Automakers say feds seem open to changes
Automakers say the Obama administration appears not to be wedded to the 56.2-mpg target for 2025 it floated last week and may be open to other refinements.
The manufacturers are pushing for a single national program while expressing concern in private talks with the White House that the standard may be too tough.
They are arguing that no decisions should be made until new forecasts of manufacturers' technology, costs and sales become available.
Environmental advocates who had been calling for a 62-mpg standard expressed support last week for a target of 56.2 mpg, or annual increases of 5 percent after the 2016 model year.
An administration study last fall found that the technology required to meet 5 percent yearly mpg increases would increase the cost of the average 2025-model vehicle by up to $2,600 and produce fuel savings of up to $7,000 over the life of the vehicle.
The Detroit 3 also are proposing that annual mpg increases be low in the early part of the nine-year period until advanced technology can be developed, and that periodic reviews be held.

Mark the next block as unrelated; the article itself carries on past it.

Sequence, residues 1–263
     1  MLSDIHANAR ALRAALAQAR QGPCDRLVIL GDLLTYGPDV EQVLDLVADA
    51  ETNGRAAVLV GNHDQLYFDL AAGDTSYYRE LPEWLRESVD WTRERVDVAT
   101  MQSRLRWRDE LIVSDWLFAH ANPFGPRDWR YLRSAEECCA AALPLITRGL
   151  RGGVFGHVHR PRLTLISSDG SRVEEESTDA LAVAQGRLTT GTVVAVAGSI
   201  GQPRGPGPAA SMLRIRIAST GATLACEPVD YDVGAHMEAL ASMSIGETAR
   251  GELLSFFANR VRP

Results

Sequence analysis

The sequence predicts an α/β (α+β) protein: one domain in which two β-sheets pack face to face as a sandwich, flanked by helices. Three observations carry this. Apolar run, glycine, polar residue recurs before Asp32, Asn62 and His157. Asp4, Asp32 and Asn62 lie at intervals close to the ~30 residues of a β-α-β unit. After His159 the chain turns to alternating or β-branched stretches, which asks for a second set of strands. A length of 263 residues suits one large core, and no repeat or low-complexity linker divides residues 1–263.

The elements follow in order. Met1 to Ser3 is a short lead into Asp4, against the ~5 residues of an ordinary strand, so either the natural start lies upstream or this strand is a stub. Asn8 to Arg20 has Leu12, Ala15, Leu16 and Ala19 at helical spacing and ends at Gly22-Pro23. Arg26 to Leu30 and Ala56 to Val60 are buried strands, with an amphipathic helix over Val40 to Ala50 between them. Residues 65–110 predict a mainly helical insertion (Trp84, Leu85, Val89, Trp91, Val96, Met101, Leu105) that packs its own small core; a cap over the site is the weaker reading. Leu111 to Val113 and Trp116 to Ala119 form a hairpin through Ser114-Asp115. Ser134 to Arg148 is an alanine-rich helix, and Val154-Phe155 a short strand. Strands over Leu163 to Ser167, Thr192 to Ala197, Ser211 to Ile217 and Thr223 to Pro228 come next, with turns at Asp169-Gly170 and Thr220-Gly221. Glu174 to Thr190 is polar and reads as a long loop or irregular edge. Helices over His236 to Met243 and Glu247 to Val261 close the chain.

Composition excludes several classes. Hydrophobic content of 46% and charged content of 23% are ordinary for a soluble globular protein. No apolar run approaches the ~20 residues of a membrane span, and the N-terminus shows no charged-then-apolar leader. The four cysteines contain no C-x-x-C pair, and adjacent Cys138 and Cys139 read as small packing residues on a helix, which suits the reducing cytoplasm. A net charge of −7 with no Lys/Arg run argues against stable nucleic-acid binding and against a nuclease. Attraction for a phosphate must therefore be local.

This snapshot of the ongoing multiparty negotiations comes from industry officials who asked not to be identified. A rule for the 2017-25 model years is scheduled to be proposed in September and made final next July.
Automakers that met with California Gov. Jerry Brown said they got the impression that the state -- which has been an adversary in the past -- would not pose major obstacles to an agreement.
Some manufacturers' public comments also convey cautious optimism that their goal of a single nationwide program can be met.
"Ford believes that the meetings have been productive," a spokeswoman said. "We support increasing fuel economy requirements with one national program that is data-driven."
Automakers have been meeting with the administration and California regulators to build on the 2016-model standard of 35.5 mpg. They have considered 2025 standards of 47 to 62 mpg.